Historical accounts of the third debate tend to be more ambiguous than that of the other two debates, but it is commonly described as an inter-paradigm debate that took place in the early 1980s among realists, pluralists and structuralists (Banks, 1985; Maghroori, 1982; Olson and Groom, 1991; Waever, 1996). The typical explanation of the origins of the third debate holds that, during the 1970s, realism fell on some difficult times when events in the realm of international politics, particularly in the economic sphere but also regarding matters of peace and security, appeared to contradict some of the key realist assumptions about the nature of interstate politics (S. Smith, 1987). As a result of this apparent incongruity, it is generally believed that alternative ‘approaches’ such as Robert Keohane and Joseph Nye’s ( 1989) theory of ‘complex interdependence,’ Immanuel Wallerstein’s (1974, 1980) ‘world systems theory,’ John Burton’s ‘cobweb theory’ (1972), and ‘dependency theory’ (Cardoso and Faletto, 1979; Evans, 1979) were developed and directly challenged many of the central tenets of realism. Most fundamentally, critics of realism attacked the core claims of state-centrism, the notion that independence rather than interdependence characterized the condition of international politics, and that a clear distinction could be made between ‘high politics’ (i.e., military and security issues) and ‘low politics’ (i.e., economic, environmental and human rights issues). It has been suggested that it was within this context of a growing focus on interdependence (Cooper, 1968; Rosecrance and Stein, 1973) that the distinct sub-field of International Political Economy emerged (Katzenstein et al., 1999).
While it was argued that the publication of Waltz’s Theory of International Politics (1979) gave a new lease on life to realism in the form of neorealism, which rapidly became the new orthodoxy, most accounts of the third debate do not conclude that realism was the victor. Unlike the previous two ‘great debates,’ the ‘third debate’ is, according to Waever, ‘seen as a debate not to be won, but a pluralism to live with’ (Waever, 1996: 155). In other words, claims about the ascendancy of neorealism did not mean that adherents of a liberal (pluralist) or Marxist (globalist) approach stopped contributing to the discourse of IR, and some have even questioned whether the three ‘paradigms’ were ever in competition with one another. Adding to the confusion of understanding this period of disciplinary history in terms of a ‘third debate’ was the emergence, during the 1980s, of a number of post-positivist approaches that were sharply critical of all the mainstream approaches in the field (Der Derian and Shapiro, 1989; George and Campbell, 1990; Peterson, 1992). According to Yosef Lapid, the attack by feminists, Frankfurt School critical theorists, and post-structuralists on what they perceived to be the positivist epistemological foundations of the field signaled the dawn of a ‘third debate,’ which he claimed consisted of a ‘disciplinary effort to reassess theoretical options in a “post-positivist” era’ (1989: 237). That the literature can simultaneously make reference to two fundamentally different controversies under the same label of the ‘third debate’ should be enough to indicate that there is something seriously wrong with this understanding of the history of the field.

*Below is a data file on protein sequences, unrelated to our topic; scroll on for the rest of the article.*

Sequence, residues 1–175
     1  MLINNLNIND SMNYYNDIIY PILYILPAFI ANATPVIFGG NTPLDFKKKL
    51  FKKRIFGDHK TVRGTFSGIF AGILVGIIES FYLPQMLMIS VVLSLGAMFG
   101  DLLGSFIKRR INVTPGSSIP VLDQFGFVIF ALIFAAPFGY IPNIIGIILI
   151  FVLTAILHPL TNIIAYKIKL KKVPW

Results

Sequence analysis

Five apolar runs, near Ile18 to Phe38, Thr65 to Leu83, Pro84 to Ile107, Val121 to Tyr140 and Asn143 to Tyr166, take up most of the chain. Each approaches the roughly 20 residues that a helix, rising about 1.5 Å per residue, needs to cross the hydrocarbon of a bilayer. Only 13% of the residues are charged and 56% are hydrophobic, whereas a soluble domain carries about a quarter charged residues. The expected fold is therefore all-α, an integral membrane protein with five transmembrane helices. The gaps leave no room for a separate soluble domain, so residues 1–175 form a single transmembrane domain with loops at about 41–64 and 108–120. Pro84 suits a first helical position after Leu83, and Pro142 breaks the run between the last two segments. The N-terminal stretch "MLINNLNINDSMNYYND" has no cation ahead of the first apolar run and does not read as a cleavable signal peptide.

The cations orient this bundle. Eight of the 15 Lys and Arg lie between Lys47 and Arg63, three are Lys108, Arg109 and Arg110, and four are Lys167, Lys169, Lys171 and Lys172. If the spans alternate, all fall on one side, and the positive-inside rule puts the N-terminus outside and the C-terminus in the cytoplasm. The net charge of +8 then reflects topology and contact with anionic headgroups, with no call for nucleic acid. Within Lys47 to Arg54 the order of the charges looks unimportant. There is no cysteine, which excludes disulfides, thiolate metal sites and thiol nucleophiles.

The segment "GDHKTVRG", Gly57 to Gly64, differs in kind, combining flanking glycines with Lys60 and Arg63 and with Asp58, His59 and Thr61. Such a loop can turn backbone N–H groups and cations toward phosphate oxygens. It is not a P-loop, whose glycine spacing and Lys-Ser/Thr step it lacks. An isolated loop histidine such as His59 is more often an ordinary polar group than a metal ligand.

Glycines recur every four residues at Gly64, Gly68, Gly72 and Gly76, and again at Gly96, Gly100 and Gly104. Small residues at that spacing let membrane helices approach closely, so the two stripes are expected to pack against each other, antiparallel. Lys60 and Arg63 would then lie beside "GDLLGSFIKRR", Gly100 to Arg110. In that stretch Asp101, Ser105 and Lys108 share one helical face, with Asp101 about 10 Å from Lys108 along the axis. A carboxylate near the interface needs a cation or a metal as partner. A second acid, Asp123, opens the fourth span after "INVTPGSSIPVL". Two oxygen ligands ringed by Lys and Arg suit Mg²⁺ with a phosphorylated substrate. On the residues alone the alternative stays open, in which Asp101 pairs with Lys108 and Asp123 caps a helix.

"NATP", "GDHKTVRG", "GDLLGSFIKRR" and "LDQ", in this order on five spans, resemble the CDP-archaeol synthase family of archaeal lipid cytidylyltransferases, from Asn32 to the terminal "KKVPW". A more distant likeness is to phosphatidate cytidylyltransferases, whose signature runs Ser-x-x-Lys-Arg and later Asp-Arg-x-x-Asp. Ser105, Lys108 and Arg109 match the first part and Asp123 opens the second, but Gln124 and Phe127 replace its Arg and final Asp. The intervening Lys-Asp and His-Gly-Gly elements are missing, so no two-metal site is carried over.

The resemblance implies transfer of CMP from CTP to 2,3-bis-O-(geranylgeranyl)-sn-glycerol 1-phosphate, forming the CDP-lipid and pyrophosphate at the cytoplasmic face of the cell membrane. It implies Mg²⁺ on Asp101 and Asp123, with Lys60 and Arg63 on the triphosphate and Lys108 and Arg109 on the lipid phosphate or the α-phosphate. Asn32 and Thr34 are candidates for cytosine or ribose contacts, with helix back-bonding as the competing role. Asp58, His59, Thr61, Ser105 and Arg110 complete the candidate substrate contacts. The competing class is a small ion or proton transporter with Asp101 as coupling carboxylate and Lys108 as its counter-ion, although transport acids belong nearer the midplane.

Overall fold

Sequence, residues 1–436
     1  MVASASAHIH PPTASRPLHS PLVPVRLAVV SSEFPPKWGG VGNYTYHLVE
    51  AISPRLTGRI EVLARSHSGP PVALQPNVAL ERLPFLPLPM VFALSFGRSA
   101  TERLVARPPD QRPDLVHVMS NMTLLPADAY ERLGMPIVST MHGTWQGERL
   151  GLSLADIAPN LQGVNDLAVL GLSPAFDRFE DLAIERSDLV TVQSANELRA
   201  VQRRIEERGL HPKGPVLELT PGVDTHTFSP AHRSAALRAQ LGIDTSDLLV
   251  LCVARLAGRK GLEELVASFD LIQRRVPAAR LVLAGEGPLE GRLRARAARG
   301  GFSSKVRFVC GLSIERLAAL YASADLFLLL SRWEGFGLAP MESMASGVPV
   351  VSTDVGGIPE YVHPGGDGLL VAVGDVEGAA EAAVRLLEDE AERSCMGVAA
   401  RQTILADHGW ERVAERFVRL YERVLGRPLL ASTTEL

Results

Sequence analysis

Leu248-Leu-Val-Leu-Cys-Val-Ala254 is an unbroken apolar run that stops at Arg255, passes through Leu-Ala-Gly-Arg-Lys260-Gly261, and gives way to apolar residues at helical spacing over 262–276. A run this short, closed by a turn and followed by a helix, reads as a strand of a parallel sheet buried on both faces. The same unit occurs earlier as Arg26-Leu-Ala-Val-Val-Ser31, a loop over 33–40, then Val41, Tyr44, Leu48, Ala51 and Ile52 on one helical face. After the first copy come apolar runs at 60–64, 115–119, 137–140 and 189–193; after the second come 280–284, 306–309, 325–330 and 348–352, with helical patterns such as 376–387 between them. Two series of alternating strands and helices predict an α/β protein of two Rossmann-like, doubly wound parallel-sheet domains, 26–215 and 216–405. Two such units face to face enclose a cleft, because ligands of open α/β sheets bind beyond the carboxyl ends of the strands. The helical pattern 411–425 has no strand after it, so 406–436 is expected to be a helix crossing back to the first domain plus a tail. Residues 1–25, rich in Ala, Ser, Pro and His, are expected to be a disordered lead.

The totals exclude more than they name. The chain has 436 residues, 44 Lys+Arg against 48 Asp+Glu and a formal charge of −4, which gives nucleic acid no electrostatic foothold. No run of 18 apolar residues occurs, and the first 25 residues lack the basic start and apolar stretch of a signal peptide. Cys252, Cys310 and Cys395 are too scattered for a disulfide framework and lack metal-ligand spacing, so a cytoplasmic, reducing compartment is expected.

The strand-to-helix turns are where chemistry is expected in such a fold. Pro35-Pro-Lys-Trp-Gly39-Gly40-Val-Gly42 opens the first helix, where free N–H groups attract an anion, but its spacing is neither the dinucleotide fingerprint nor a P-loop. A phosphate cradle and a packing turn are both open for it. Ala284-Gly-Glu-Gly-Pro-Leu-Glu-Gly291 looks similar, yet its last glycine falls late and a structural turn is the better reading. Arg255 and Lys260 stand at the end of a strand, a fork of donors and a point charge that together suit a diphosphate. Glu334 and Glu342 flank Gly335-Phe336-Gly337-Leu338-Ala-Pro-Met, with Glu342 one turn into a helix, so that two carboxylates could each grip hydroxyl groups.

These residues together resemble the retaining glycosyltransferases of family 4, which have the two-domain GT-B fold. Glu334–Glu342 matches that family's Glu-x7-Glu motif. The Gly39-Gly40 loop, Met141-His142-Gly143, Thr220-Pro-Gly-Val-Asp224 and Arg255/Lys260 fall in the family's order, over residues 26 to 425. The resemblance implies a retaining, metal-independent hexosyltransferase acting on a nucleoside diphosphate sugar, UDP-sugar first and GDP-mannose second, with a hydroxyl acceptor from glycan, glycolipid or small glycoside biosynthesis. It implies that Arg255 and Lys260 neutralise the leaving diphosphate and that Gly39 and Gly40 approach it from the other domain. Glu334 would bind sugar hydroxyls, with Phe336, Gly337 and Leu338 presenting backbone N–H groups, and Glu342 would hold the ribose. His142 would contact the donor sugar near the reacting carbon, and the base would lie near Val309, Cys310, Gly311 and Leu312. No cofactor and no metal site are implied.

What’s Wrong with the Image of the Great Debates?
The newest cohort of disciplinary historians have both noted the peculiarity of the field’s self-image being derived from the idea of a set of recurrent debates and pointed to some of the problems that are involved in viewing the history of the field in this manner (Goldmann, 1996; Kahler, 1997; Schmidt, 1998a, 1998b; Smith, 1995; Waever, 1998; Wilson, 1998). There are so many problems and difficulties involved in understanding the history of the field within the framework of the three great debates that we might be better off simply to reject discussing this account of how the field has developed. In the first place, when attention is directed to the details of the field’s history, it is not evident that all of the three debates actually took place. This is especially the case with respect to the first ‘great debate’ (Wilson, 1998). Second, the stylized versions of the debates do not do justice to the nature of the controversies that were in fact taking place. Third, by focusing only on the three great debates, a number of additional and, extremely important, disciplinary controversies continue to be overlooked. Finally, the use of the analytical framework of a series of great debates to account for the field’s history is a conservative move that gives the field a greater sense of coherence than the actual history of the field warrants (Waever, 1998).